And what about the young women in our youth groups? What is a story that they can follow? Who led a life that they can emulate? What about Esther; who wouldn’t be feminine after one year of beauty treatments? She was considered beautiful beyond compare. The king fell in love with her at first sight, but is that the kind of woman we want our young girls to emulate? Sure, she did the right thing in the end, and God used it all, but here was a woman who hid her faith, was willing to become part of the king’s harem (the penalty if he didn’t marry her) and, frankly, really got in the Bible because she married right. Are we trying to teach our girls the importance of marrying right, or of being godly women?
So I probed a little further. Could I find any biblical basis against stereotypical gender roles? Are there any stories about God’s children who don’t fit into our societal norms that we have so willingly accepted?
There’s Solomon; sure he was a womanizer, but he wrote some great poetry. He wrote a lot of poetry, and the poetry he wrote was exactly what women like to hear. What self-respecting macho man today would be able to talk to women the way Solomon did? But then again, if Solomon lived today, the world would tell us he was trying to hide something (wink-wink), and that he really just married all those women as a way to fight his true feelings.
Then there was Deborah, a woman who was in leadership before Paul could tell her she was wrong. She was tough. She was a military leader. Joan of Arc had nothing on Deborah, and yet if she lived today, she would be taunted or teased or even questioned about her sexuality. Can you imagine Deborah at a woman’s Bible study in your church? How would she get along with the teens in your youth group?
When did we start accepting cookie cutter Christians? At what moment in our church history did we decide being different meant you were weird, or even worse, wrong? Is there a place in the church for passive men and strong women? Or have we become strict adherents to the idea that Jesus said that men need to be the rock of the church and women need to be the rockettes?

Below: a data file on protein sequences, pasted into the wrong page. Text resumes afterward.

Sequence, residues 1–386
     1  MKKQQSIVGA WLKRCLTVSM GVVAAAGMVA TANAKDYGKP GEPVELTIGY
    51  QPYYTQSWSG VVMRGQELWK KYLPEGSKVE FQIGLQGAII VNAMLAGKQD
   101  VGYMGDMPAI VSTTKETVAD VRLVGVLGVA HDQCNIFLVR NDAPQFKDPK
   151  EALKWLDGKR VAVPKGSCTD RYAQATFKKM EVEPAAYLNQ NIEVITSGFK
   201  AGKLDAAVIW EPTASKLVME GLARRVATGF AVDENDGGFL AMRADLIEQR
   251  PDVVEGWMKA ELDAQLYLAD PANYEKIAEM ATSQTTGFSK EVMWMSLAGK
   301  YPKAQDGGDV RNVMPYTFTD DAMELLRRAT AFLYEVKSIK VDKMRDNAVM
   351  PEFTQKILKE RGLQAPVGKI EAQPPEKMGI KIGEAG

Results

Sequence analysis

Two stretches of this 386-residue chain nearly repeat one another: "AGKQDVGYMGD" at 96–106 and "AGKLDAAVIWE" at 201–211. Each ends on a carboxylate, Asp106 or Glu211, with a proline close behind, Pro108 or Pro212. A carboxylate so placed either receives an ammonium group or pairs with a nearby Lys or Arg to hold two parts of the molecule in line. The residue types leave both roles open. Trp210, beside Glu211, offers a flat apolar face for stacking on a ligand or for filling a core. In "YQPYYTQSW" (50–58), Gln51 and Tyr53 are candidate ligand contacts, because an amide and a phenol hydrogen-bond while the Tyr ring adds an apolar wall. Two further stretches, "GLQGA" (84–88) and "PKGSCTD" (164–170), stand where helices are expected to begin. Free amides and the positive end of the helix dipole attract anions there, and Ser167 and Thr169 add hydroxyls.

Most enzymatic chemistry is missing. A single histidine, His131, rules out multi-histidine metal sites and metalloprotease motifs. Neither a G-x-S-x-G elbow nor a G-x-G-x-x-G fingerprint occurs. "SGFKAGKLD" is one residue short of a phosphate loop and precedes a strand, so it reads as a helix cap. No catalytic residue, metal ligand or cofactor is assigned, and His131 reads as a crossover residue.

Did the church just bury its head in the sand during that whole affirmative action ruling, or was there some big church summit that I missed in which people of faith came together to decide that equal gender roles are a thing of the world and that we do not want to be that worldly? Seriously, if you took a genuine inventory of the ministries offered at your church, would you find equal opportunities for both men and women? Who does the majority of the leading and disciplining in your congregation? Do the young girls in your youth group know that there will be a place for them in your church to serve, or do they have to resign themselves to the nursery or Sunday school? Or, even worse, do your young men know it’s okay for them to work in the nursery or as Sunday school teachers not just as teens, but also as a lifetime ministry opportunity?
Besides my current dilemma of being responsible to “fix” the young man in my youth group, one of the worst issues I’ve ever had to deal with was what happened to my friend, John. John was a handsome young man who spent his summers working within my children’s programs. A theatre major in college, John was the antithesis of macho. He was sensitive, sweet, could sing like an angel, and yes, he was a little effeminate. But gay? The thought never crossed my mind. Then one day he asked me out for coffee. He needed to talk he said, and he was looking for my advice. We talked for hours and finally he opened up, only to tell me a horrifying story.
“I think I am gay,” he said.
“What do you mean?” I replied, because his statement took me completely off guard.
“Well, I never thought I was gay,” he explained. “I’ve dated and all, but then my youth pastor pulled me aside at our retreat and asked me if I was gay. I meanthink about it, all the signs are thereI am in theatre, I cry at the drop of a hat, and you know I am not very athletic, so maybe he’s right. Maybe I am gay.”
“John,” I said calmly, “Are you attracted to men?”
“Well, no,” he said without any hesitation.